When you want to make progress and grow the coming year as a business owner, it is smart to have a plan. I must admit planning has never been my strongest point, especially setting financial goals for the coming year.
Often I worked without a real plan, and when there was a plan I tended not to look at it again during the year. From my mastermind group I learned a new way of looking at it.
“Why are you doing this? What do you want to accomplish?”, they asked me. I answered this with my biggest goal “Support the self employed in developing countries with my foundation.”
“And, do you need money to start this foundation?” Yes!
“You see, you need those revenues.” I agreed again and was ready to start my plan for the coming year.
The start of the planning proces is goal setting.
The major question that you want to answer is:
What do you want accomplish the coming year?
Set your goals for the coming year.
Select only a few (bold) goals.
These are my top goals:
- help as many independent professionals as I can to get a better balance in entrepreneurship and family. A healthy business is important for this balance and attracting you ideal client is ideal.
- Speaking internationally: at least in 4 different countries or states
- Start the foundation to support the self employed in developing countries
- Get on the AdAge Power150 list
To do this, I love to use the whiteboard. Of course you can also do it on a piece of paper or in Google Docs.
Write down the cost and investments that you are expecting and planning for the coming year that aline with your goals.
- What is your management fee? What do you need to support your family? EUR
- What do you want to learn and improve the coming year. Is it in line with your goals?
What training or coaching do you need to accomplish this and what are the cost? EUR
- What other investments or cost do you need to reach your goals? EUR
- What are your other business expenses? EUR
Now let’s look at the products and services that you have or are planning to introduce the coming year.
Add the numbers (€ or $ or your currency) that you can do for these points:
- Products that you have that aline with your goals
- Services that you have that aline with your goals
- What products or services are you launching
- Affiliate sales
In total you want enough revenues to cover your projected cost and investments.
Are you clear on this? You really need these revenues to accomplish your goals!
Now let’s break down the number of products you need to sell to get the above revenues.
- How many products do you sell each month
- What services do you sell in what month
- When do you launch the new products and services, which month?
Are the numbers above doable? If not, what actions do you need to take to make these doable. Add promotion, launches or products where necessary.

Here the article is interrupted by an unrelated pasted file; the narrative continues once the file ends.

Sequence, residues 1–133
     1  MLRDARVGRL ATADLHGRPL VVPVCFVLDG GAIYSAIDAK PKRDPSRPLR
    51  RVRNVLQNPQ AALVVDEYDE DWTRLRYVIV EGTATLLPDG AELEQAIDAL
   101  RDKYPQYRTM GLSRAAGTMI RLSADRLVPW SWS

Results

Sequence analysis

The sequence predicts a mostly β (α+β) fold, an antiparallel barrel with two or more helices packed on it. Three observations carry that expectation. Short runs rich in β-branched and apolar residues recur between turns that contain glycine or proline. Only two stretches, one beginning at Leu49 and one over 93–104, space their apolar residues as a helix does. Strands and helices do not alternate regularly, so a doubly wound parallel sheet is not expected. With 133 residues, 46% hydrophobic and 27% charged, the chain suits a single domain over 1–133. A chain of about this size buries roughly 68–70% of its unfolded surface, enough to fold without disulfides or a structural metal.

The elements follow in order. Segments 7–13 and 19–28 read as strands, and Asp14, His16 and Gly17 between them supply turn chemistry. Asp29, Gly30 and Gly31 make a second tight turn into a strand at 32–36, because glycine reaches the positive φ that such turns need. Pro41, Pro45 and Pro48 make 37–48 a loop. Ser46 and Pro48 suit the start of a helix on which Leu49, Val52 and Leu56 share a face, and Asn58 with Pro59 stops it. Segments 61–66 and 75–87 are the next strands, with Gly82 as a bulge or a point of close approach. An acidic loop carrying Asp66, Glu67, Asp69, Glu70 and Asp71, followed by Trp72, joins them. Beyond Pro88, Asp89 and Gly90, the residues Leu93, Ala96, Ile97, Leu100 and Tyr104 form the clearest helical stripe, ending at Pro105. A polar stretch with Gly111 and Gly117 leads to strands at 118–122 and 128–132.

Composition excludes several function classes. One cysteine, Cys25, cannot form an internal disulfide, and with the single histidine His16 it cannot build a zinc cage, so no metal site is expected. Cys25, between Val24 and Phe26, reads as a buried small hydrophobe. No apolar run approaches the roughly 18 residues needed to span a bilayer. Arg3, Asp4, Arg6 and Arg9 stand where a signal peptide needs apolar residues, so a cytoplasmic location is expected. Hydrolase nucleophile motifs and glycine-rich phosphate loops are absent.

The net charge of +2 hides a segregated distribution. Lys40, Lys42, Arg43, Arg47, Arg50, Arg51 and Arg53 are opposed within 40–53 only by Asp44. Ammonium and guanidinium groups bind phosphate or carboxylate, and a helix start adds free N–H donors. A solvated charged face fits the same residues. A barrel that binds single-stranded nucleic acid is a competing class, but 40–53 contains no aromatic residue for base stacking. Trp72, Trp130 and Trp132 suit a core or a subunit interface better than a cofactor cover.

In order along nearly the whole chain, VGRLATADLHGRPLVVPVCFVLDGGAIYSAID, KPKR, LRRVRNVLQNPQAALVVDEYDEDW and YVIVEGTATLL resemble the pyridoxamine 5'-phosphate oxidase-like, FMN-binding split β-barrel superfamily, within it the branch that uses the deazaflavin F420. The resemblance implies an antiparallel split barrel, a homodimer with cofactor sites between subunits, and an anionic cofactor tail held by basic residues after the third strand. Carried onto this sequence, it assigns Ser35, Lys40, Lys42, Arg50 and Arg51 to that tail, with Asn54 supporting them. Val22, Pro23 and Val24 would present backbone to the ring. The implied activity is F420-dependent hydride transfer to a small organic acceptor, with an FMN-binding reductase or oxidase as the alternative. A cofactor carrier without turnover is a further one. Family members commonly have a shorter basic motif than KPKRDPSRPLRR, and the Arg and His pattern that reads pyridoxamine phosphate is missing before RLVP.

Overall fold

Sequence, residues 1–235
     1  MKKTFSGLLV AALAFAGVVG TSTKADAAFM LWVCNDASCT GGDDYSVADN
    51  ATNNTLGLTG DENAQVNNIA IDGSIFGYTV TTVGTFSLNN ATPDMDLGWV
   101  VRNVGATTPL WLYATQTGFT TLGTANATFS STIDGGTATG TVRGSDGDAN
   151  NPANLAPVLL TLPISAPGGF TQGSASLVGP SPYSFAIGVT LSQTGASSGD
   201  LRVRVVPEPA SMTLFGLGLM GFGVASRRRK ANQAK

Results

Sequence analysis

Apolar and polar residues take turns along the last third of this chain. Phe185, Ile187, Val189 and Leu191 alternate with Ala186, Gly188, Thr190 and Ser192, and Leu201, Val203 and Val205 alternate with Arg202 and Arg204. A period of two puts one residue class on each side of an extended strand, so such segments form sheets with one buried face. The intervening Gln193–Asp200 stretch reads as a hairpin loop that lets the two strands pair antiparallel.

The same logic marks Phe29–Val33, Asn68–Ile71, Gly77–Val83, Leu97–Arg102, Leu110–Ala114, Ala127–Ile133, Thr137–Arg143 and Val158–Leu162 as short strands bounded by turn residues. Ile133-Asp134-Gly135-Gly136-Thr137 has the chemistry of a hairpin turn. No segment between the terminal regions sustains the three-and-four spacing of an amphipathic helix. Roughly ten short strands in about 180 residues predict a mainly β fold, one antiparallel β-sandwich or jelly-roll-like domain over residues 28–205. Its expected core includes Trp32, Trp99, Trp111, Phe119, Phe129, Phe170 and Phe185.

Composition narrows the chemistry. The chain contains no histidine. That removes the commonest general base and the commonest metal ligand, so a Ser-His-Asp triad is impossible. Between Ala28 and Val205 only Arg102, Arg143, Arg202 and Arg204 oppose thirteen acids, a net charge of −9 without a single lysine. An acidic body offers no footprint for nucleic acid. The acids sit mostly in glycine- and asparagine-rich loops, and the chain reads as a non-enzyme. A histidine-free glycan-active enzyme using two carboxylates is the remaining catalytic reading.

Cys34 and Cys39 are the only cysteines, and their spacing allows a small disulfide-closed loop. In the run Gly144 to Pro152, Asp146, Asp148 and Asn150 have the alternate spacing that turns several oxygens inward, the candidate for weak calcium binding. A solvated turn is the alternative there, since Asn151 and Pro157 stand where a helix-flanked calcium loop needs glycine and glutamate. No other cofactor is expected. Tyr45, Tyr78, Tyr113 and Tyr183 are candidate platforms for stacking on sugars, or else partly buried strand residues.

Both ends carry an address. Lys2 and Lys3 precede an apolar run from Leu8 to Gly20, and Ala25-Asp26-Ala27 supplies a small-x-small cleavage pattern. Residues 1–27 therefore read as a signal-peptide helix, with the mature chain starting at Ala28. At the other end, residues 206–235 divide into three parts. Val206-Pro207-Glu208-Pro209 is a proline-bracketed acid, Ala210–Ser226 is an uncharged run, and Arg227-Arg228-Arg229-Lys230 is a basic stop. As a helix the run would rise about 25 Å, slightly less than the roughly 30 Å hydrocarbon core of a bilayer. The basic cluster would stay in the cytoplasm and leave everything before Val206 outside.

You want to break it down even further.
What do you need to do to get these revenues and when are you investing or expecting the costs.
In what week do you need to promote your launch?
In what week do you need to promote product x and product y?
In what week do you have an event scheduled?
When are your trips?
When is your holiday?
Since you are on a roll here it, let’s start making a rough blogging schedule.
Schedule topics for each week in relation to the tasks you planned above. Topics that relate to the launches you want to do.
Schedule a blogging series, 4 posts in a serie, 10 days or 30 days series.
This blogging schedule will help you to grow the number of visitors and traffic to your blog and website. Resulting in a growing number of subscribers to your newsletter.
An important reason you want to do this planning on this detailed level is that you are less distracted from all kind of ‘interesting’ activities that pop up every day. When you have a plan it is easier to say NO.
Looking at the big picture now, it is easy to exclude taks that do not contribute to your goals.
John Jantsch in his post Effective Planning Is About What to Leave Out
I recently hired my own business coach and one of the first things we’re focused on is getting me to stop doing things that don’t make sense and start spending more concentrated time on my highest payoff activities.
My coach would do the same, my guess is that when you have a coach he/she would do the same with you. 🙂
Go back to your detailed planning list and erase the tasks that do not contribute to your goals.
Effective Planning Is About What to Leave Out by John Jantsch
Objectives, goals, strategies and tactics by Ben McConnell
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